Dr Shane Alexis

LAST week's events in peaceful, picturesque Canada have stunned us. One friend wrote, "We have lost our innocence." Imagine, on Monday, in Montreal, a radicalised man crashes his car into two soldiers, killing one. Then, on Wednesday, a gunman kills a soldier guarding a memorial in the Canadian capital of Ottawa, and charges into the Parliament building, firing away. Fortunately, the sergeant-at-arms was armed with more than the golden mace he usually carries, and was able to cut down the gunma ... Read More

Where are the PM, Bunting and Dr Williams?

BY EDNA GREEN | Monday, October 27, 2014    

Where are the
PM, Bunting and
Dr Williams?

As is commonly said in Jamaica “story come to bump”. The murders and shootings continue unabated with no apparent solution in sight. The fear of crime has gripped the Jamaican society in such a manner that not even our precious sociologists at Mona can find the answers. It is beyond any logical comprehension. Yet, despite the recent upsurge of these heinous crimes, need I mention Bog Walk (twice), Rockfort, Canterbury, and downtown Kingston, there is absolutely nothing coming from ... Read More

PNP Administration was right to send back Abu Bakr

MARK WIGNALL | Sunday, October 26, 2014    

ABU BAKR...
ought to accept
that he has been
hoisted on his
own petard

The Trinidadian 'religious extremist' Abu Bakr recently found himself on the horns of a dilemma as the Jamaica Government denied him the right to stay in Jamaica to attend Farrakhan's celebration of his Million Man March. As it is with those who would wish to use 'gunpoint theology' to force us all into living an endorsement of their religious myth and resulting cultural stringencies, the freedoms inherent in a democracy, freedoms which they would automatically take away from others, must never ... Read More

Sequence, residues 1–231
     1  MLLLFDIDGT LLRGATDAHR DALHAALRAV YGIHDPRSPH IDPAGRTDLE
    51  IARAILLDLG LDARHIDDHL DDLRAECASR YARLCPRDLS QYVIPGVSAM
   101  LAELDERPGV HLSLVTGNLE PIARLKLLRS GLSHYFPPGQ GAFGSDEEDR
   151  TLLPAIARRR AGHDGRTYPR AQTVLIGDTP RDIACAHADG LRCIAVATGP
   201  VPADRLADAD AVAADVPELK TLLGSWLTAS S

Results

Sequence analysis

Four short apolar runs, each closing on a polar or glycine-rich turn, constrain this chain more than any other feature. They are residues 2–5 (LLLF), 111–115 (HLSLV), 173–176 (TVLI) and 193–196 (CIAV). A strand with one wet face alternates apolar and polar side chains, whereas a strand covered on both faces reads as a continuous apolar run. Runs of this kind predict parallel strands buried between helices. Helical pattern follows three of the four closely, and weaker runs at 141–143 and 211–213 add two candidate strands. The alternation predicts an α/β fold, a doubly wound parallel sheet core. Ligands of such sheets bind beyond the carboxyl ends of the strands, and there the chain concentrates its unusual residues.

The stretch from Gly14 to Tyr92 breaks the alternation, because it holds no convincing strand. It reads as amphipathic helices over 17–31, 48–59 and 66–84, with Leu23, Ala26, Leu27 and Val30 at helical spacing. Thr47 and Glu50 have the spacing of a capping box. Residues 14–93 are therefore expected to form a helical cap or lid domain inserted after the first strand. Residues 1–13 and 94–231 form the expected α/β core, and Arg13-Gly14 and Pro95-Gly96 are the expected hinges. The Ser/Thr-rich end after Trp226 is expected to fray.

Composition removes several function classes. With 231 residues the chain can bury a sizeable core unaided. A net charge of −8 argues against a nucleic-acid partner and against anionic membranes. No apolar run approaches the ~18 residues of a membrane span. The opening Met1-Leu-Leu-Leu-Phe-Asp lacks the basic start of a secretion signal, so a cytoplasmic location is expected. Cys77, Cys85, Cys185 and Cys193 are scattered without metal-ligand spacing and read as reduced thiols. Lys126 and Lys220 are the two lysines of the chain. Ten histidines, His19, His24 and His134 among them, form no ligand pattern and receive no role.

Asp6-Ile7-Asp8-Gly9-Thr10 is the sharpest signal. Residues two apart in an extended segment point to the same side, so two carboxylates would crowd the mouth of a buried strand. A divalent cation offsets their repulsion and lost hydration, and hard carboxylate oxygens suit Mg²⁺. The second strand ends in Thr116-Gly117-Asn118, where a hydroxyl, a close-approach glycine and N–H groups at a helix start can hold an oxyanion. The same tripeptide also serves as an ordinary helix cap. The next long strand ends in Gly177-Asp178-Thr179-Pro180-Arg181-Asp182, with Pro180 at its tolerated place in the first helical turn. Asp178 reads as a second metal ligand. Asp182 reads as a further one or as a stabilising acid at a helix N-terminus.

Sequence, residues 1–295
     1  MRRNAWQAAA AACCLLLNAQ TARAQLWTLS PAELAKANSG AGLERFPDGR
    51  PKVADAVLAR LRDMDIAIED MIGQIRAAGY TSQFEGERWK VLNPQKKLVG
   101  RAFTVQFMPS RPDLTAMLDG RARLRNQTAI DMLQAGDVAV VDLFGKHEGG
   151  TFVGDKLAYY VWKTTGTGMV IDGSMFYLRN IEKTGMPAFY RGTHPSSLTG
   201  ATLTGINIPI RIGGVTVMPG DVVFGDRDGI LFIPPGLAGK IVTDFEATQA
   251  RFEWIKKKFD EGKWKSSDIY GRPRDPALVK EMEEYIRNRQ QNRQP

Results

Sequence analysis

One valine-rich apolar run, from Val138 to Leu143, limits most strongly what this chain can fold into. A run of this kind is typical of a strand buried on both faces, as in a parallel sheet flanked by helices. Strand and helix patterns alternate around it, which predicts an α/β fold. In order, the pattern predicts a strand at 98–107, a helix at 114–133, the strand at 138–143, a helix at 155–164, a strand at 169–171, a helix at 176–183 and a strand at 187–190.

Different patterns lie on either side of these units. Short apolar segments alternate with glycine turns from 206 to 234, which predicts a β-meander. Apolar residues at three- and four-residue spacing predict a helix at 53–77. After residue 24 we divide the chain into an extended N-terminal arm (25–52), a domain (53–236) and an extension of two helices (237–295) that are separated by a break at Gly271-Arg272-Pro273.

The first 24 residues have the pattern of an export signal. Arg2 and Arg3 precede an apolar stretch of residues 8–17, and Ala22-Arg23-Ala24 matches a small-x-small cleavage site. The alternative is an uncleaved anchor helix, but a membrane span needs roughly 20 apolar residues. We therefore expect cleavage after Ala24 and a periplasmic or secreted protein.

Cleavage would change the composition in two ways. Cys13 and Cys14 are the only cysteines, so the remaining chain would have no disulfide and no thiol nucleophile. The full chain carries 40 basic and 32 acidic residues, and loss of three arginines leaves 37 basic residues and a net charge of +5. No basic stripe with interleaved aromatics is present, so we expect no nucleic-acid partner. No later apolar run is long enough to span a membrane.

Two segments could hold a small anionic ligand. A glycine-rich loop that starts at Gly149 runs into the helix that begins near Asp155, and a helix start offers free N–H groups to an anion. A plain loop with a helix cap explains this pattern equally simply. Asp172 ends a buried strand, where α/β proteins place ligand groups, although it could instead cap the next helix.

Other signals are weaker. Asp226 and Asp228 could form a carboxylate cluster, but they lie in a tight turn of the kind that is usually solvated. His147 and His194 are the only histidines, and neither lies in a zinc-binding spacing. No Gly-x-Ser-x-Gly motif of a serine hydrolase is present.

Cricket, tearful cricket

Yakum Fitz-Henley | Sunday, October 26, 2014    

To me, there is nothing more
strikingly stunning than the
song of willow on leather as a
well-timed cut-shot whistles
past the flailing arms of some
unfortunate point fielder.

WHEN I was younger, though a little bit older than I'd care to admit, all it took for tears to flow from my eyes was a loss by the West Indies cricket team, or even a nick from the willowy blade of BC Lara going to the non-maroon enemies behind the stumps. To me, there is nothing more strikingly stunning than the song of willow on leather as a well-timed cut-shot whistles past the flailing arms of some unfortunate point fielder. But, I am not a child anymore. The cricket I grew up reading about ... Read More

Fear cannot lead

Garfield Higgins | Sunday, October 26, 2014    

BUNTING... could not risk a terrorist incident with Abu Bakr in Jamaica

Government is not reason; it is not eloquent, it is force. Like fire, it is a dangerous servant and a fearful master. — George Washington AS critical-thinking citizens we have not only a responsibility but a duty to be extremely suspicious of the crucible of governmental power, especially in a country like Jamaica which is riddled with a corrupt politics, which has negatively infected and affected every facet of life and even death. Politics in this country is concerned and preoccupied w ... Read More

Antiviral activities of plants

BY DR HENRY LOWE | Sunday, October 26, 2014    

In laboratory studies, garlic was found to possess a wide variety
of antiviral properties. (PHOTO: DONOVAN GOVAN/WIKIMEDIA
COMMONS)

As a result of many people turning to medicinal plants, such as guinea hen weed, bissy and papaya leaves, for assistance with the management of their Chikungunya virus (CHIKV) symptoms, against which conventional medicines seem to have little answers, many individuals are curious to know the scientific potential of medicinal plants in dealing with viral diseases. It is for this reason that, based on a variety of requests, I have provided this article, based on scientific evidence, which is for ... Read More